New technologyEdit

Undoubtedly the major technological development in 20th century archaeology was the introduction of radiocarbon dating, based on a theory first developed by American scientist Willard Libby in 1949. Despite its many limitations (compared to later methods it is inaccurate; it can only be used on organic matter; it is reliant on a dataset to calibrate it; and it only works with remains from the last 10,000 years), the technique brought about a revolution in archaeological understanding. For the first time, it was possible to put reasonably accurate dates on discoveries such as bones. This in some cases led to a complete reassessment of the significance of past finds. Classic cases included the Red Lady of Paviland. It was not until 1989 that the Catholic Church allowed the technique to be used on the Turin Shroud, indicating that the linen fibres were of medieval origin.[10]

Other developments, often spin-offs from wartime technology, led to other scientific advances. For field archaeologists, the most significant of these was the use of the geophysical survey. This encompasses a number of remote sensing techniques, such as aerial photography and satellite imagery. Also used is light detection and ranging (LIDAR), a technology that measures the height of the ground surface and other features in large areas of landscape with resolution and accuracy that was not previously available. Subsurface remote sensing techniques such as magnetometry and ground-penetrating radar enable an advanced picture to be built up of what lies beneath the soil before excavation even commences. The entire Roman town of Viroconium, modern day Wroxeter, has been surveyed by these methods, though only a small portion has actually been excavated. The application of physical sciences to archaeology, known as archaeometry or archaeological science, is now a major part of archaeology.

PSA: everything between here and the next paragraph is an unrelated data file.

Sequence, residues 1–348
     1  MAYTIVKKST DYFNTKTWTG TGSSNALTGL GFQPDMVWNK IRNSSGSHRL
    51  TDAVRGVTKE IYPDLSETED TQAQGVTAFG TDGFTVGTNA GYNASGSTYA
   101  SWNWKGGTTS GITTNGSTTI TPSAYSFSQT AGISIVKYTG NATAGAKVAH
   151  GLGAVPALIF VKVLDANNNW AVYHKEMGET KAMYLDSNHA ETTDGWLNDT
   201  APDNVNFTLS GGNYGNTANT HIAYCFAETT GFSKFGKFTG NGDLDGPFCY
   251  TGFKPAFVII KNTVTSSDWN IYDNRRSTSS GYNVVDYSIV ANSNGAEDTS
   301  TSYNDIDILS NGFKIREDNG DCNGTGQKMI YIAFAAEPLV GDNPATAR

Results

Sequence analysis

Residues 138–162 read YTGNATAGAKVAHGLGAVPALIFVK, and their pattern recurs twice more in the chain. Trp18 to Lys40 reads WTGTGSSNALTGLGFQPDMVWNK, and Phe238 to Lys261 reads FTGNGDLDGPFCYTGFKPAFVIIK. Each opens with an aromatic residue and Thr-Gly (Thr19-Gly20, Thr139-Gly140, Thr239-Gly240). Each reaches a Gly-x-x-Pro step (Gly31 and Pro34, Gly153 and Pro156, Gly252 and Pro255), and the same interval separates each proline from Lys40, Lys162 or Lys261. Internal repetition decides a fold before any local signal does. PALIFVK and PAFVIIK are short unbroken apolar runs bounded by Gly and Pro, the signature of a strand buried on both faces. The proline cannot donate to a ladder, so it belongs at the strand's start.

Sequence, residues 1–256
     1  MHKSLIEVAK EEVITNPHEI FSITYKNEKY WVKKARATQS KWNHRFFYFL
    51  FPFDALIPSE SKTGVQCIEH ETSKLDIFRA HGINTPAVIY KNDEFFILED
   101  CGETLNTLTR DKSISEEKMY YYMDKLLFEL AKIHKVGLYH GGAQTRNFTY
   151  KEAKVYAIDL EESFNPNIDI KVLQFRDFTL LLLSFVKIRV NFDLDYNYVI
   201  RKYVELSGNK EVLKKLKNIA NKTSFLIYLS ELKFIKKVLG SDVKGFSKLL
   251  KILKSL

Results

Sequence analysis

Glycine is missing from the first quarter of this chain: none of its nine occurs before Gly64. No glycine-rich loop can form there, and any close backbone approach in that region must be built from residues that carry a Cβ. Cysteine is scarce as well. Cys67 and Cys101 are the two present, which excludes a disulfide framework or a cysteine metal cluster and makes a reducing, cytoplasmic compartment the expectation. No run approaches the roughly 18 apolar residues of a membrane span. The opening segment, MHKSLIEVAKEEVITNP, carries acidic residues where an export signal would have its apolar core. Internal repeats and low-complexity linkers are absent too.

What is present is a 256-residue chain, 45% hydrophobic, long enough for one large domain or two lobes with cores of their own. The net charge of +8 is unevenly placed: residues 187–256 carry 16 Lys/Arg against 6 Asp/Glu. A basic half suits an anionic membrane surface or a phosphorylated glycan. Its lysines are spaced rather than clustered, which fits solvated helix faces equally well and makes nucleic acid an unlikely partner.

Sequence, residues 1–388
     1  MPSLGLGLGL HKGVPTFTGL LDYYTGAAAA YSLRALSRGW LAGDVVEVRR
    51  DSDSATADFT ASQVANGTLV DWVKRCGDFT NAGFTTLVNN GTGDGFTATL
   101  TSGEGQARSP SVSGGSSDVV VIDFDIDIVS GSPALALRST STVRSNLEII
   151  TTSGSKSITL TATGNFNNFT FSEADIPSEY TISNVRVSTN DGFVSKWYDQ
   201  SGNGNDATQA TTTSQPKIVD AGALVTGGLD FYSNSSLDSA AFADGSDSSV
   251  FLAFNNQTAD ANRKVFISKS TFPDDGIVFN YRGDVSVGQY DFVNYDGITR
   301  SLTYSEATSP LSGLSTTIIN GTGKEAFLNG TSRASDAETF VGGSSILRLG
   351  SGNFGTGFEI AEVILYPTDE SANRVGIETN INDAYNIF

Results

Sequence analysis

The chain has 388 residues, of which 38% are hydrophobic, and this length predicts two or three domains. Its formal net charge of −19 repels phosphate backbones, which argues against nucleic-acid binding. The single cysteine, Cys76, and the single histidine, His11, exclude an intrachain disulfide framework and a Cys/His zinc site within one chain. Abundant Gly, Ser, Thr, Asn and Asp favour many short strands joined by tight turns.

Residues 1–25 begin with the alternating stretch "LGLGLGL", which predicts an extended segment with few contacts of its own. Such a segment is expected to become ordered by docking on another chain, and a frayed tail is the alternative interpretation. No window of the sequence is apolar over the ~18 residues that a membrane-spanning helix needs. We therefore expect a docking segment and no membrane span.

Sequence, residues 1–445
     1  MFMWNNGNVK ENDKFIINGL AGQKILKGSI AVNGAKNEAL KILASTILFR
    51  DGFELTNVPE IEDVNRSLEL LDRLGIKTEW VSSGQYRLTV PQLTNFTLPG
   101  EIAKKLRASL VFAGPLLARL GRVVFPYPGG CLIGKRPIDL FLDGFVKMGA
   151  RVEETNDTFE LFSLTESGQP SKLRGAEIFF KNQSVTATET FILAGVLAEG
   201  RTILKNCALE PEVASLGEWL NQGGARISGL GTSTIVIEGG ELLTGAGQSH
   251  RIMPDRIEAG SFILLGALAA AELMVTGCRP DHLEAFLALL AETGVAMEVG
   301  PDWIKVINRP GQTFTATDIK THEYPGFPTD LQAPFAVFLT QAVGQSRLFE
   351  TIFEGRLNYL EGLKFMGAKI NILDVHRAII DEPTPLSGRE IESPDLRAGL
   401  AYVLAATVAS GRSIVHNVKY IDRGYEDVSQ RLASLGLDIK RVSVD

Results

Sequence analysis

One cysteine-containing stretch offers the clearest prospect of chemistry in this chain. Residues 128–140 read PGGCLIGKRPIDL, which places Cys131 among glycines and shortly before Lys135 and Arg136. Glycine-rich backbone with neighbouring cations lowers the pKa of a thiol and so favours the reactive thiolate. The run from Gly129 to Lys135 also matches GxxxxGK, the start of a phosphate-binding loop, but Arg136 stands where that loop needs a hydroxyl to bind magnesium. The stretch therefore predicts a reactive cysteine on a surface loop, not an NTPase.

Archaeology has also come to use geographic information systems, designed to capture, store, manipulate, analyze, manage, and visualize all types of geospatial data.

The discovery in 1991 in the Ötztaler Alps of the prehistorical mummy dubbed Ötzi resulted in the techniques of genetics being brought to bear on archaeological science. With the help of DNA analysis, scholars were able to ascertain that Ötzi does not belong to any known human population. In the subsequent years, genetics has helped us reconstruct human migrations that occurred during prehistory.